My understanding (I've never played one) is that legacy games are, in part, about the experience. Lots of experiences are one-off things that you have to pay for again if you want to experience them again. Are you bummed that you only get to eat a fancy dinner once? That you only get to ride a roller coaster once. Oh, you could do it again, but that would cost more money. So? That's how those kind of experiences work. Keep in mind, the cost/benefit ratio of Pandemic Legacy is crazy. $50 for around 18 hours of fun for 4 people?!? That's less than $1 an hour! I call that pretty darn amazing and spiffy! And Pandemic Legacy IS fun. The ratings are through the roof. One of my gaming buddies was in a campaign and just loved it. The people have spoken!


Before the big argument starts, let me quickly jump in on this:
While I agree with you for the most part, I have one issue with this comparison:

Pandemic: Legacy, or any legacy-style game, is a board game, isn't it?
Shouldn't it be compared to the (potential) cost/hour of other boardgames instead of roller coasters or a fancy meal?
Wouldn't that potential cost/hour be almost 0 for any game (especially as there's still some kind of resale value for most games)?

That's why I'm still on the fence about the concept of legacy style games. But as you pointed out, that doesn't mean that those games are bad. ;)

I'm not sure why you have to compare legacy games to other board games. There's no rule about it. However, if you must: Very few of my games would reach Pandemic Legacy's cost/pleasure ratio. I've got a fair number I haven't played or that I've only played a few times. In theory I might play all my games 100 times each, but in the real world that isn't happening. Resale? It's a pain. Unless it's out of print, you're going to get a fraction of the cost (and you have to take into account your packaging and shipping costs, as well as the utility cost of the time you spend going to the post office). With all that, Pandemic Legacy remains a bargain.
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I agree that this is a golden age of board gaming. It's great to see so many innovations and titles out there. Legacy isn't for me, but I can certainly understand its appeal. For me, I can think of some games that give me that "part of a bigger picture" feeling, like War of the Ring, that I can play again and again. But the underlying point is really about another genre of games that's bringing people to the hobby. It's no different than the popularity of Euros, War/Euros, etc. Even if I don't play it, anything that promotes and expands the hobby is bound to have good effects for all gamers.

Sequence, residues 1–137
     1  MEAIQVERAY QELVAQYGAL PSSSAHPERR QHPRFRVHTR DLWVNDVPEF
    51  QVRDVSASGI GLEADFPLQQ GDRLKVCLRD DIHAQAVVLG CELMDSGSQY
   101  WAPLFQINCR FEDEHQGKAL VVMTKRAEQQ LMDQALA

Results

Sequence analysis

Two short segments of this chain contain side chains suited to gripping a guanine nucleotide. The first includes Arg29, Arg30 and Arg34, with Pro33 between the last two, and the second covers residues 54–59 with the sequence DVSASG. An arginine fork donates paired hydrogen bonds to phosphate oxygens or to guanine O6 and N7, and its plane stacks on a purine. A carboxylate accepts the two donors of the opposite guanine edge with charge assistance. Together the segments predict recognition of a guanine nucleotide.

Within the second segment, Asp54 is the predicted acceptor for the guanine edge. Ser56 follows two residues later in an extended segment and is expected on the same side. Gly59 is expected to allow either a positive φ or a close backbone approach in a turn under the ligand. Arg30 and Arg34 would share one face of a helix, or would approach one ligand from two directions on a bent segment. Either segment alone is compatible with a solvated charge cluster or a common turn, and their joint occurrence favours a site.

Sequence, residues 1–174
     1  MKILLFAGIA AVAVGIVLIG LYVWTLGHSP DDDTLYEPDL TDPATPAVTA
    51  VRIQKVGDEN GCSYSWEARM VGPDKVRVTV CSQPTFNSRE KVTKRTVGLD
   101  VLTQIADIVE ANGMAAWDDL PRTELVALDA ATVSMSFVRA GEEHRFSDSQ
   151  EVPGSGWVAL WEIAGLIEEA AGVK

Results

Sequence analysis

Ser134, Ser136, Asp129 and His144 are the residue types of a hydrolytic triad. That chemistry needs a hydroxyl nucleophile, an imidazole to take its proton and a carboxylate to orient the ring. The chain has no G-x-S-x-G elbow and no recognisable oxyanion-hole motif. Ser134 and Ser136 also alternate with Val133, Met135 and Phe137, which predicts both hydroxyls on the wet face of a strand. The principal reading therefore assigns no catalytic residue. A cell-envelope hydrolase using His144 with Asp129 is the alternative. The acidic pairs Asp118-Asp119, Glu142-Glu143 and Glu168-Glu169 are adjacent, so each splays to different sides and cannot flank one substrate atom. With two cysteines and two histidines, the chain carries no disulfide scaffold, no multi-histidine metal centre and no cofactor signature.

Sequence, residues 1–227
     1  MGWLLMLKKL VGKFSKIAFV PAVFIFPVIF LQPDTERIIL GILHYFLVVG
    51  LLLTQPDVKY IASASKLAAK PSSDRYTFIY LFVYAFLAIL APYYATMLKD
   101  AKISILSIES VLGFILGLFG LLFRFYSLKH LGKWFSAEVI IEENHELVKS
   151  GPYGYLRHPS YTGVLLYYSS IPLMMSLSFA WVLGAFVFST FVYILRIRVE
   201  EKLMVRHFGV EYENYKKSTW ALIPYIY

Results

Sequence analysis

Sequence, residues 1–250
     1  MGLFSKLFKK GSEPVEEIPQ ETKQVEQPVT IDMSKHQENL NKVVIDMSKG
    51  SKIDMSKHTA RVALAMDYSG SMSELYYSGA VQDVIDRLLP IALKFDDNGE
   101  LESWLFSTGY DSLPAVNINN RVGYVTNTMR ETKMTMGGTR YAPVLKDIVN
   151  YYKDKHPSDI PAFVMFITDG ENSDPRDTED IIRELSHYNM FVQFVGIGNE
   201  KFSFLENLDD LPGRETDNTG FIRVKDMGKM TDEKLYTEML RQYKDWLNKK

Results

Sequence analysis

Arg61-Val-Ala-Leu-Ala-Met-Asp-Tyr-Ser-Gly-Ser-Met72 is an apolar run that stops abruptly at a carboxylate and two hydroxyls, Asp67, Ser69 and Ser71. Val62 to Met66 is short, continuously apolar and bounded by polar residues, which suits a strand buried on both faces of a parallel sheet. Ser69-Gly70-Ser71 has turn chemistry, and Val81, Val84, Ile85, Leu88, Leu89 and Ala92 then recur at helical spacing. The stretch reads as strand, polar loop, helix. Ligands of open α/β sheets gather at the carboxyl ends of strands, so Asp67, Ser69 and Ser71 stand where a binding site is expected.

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That's relatively true. But legacy games are designed for maximum effect if played through from beginning to end once over. If the story is told and the ending is known, the excitement is probably no longer there.

I am not arguing cost effectiveness. I am sure the games give value for content when measured against other entertainment options. I'd love to give it a shot but unless you have a steady game group which meets regularly, I don't think I will get the same enjoyment. I feel at least for me, the barrier of entry is slightly higher. Which is just too bad. I realized that some games are catering more to a specific audience.

But my argument stands that Legacy games can be designed such that it doesn't need to push for permanently changing the board so that it can be refreshed or reused. Yes, you can do it yourself, but I am sure there are many ways publishers can advocate these pseudo permanent changes in the official rule set and allow players to pass the game along.
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Quote:
But my argument stands that Legacy games can be designed such that it doesn't need to push for permanently changing the board so that it can be refreshed or reused.

By definition, they cannot.

What you are looking for is a campaign game. There are already many games that allow players to play a series of connected sessions where the effects of one session carry over into the next. Descent, Pathfinder, take your pick. Those games already exist and there is no question whether or not they can be designed.

Legacy games are a specific subset of campaign games that, by definition, employ permanent changes. That's what the term "legacy" is supposed to evoke: you leave your personal mark on the game. You can question whether that component is a worthwhile or enjoyable game mechanic, but it is integral to the Legacy concept.

This might seem like pedantry, and it kind of is, because ultimately I do agree with you: it should be possible to design campaign games with a reset button. And some of those games already exist as proof. They're just not Legacy games.
 
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ElAdoranSureshot wrote:
Quote:
But my argument stands that Legacy games can be designed such that it doesn't need to push for permanently changing the board so that it can be refreshed or reused.


This might seem like pedantry, and it kind of is, because ultimately I do agree with you: it should be possible to design campaign games with a reset button. And some of those games already exist as proof. They're just not Legacy games.


I guess I see your point. Perhaps what I am hoping for is a retooling of euro games into a campaign style gaming which does not involve leveling up or accumulating experience point ala Descent or Pathfinder. In other words, design campaign style gaming that is not a wargame or fantasy game. Does this already exist?

Legacy games have a place in the gaming world, just that I can't see it expanding far and wide in to the casual market. Which is fine. If I open a game cabinet and find a half way played through legacy game vs. monopoly, I will reach for monopoly.
 
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I think campaign games tend to be fantasy RPGs because of tradition, but you're right that they don't have to be. Maybe the current crop of non-fantasy legacy games will inspire more campaigns in other genres. Charterstone and Chronicles 1: Origins are upcoming.